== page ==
ArtsAutosBooksBusinessEducationEntertainmentFamilyFashionFoodGamesGenderHealthHolidaysHomeHubPagesPersonal FinancePetsPoliticsReligionSportsTechnologyTravel

The Walking Dead: 400 Days - Review

Updated on July 15, 2013
Vincent heading to prison.
Vincent heading to prison.

Telltale Games achieved a lot with their release of The Walking Dead episodes last year. They made good on their promise to actually reflect player choice in a way that Mass Effect ultimately failed to do. What's more, they created a child character that you didn't want to throw off a bridge as soon as possible. Whilst the writing was solid, and more consistently well written than the TV series, the game still had its problems.

These largely came down the engine, which couldn't seem to cope with the actual game. It was rare that you could get through entire episode without the game stuttering as it cut between numerous characters. It wasn't necessarily a deal breaker, but it was disappointing since the writing (something that games struggle with far more often), was handled really well.

From this perspective, Telltale's 400 Days, which acts as a bride between the first and second season, is more of the same. The writing is still solid, and while the technical issues have been patched up a bit, they unfortunately still plague the title. It was never anything too bad, bar one moment where I thought I'd have to reset my console, but it is frustrating when the game is otherwise really immersive.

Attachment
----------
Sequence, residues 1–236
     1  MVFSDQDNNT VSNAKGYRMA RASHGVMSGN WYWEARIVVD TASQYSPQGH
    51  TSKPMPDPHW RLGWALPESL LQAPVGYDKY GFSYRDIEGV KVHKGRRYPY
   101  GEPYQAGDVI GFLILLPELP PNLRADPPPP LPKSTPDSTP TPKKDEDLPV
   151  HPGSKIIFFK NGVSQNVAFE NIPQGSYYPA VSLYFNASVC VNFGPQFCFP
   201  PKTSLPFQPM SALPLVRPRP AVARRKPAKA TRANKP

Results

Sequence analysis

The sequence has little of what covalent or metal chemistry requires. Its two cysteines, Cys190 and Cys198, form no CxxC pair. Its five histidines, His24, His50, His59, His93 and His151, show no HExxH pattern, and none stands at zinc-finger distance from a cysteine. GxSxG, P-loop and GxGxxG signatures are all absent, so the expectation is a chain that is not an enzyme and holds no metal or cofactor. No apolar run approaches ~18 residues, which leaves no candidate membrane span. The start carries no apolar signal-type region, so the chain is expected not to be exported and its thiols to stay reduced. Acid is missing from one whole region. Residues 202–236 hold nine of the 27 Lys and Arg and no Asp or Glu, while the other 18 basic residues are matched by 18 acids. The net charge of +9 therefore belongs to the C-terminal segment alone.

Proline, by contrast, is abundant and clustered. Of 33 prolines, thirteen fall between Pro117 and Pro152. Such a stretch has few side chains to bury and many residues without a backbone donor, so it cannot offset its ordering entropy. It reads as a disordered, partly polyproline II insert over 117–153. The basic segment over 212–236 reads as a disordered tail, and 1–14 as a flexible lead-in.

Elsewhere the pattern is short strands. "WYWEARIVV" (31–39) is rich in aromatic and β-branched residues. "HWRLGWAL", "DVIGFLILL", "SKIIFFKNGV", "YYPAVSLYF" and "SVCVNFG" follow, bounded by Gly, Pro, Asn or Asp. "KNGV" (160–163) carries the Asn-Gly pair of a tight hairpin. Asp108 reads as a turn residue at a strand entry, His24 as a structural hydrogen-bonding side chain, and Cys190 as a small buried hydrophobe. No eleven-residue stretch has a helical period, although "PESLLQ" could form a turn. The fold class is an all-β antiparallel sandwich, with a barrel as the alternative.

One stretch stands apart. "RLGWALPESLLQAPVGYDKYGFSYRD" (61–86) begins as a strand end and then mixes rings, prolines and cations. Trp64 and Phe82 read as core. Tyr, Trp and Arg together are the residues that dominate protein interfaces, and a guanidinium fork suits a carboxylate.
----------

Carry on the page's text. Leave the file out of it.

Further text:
Wyatt (left) and his mate Eddie.
Wyatt (left) and his mate Eddie.

Where 400 Days does differ though is in the story it tells. Rather than following one character like we did with season one, here you get a glimpse into five different people's lives following the zombie apocalypse. It's an experiment on the developer's part, and one that for the most part pays off.

400 Days story is not (necessarily) told in chronological order. The five survivors: Vince, Wyatt, Russell, Bonnie and Shell each have individual narratives, typically ranging from fifteen to twenty minutes in length, that all take place in or around a truck stop. It's a bit like Pulp Fiction in that you're constantly making connections as the story develops. What's more interesting though is that the vignettes can be played in any order with some sequences, naturally, interacting with how you might view others.

It's a surprisingly refreshing concept, and one that emphasizes a video game's interactive quality alongside the more traditional cinematic elements that 400 Days borrows from older point-and-click adventure titles. The fact that you jump between numerous people's experience of the apocalypse also makes for a change of pace from season one.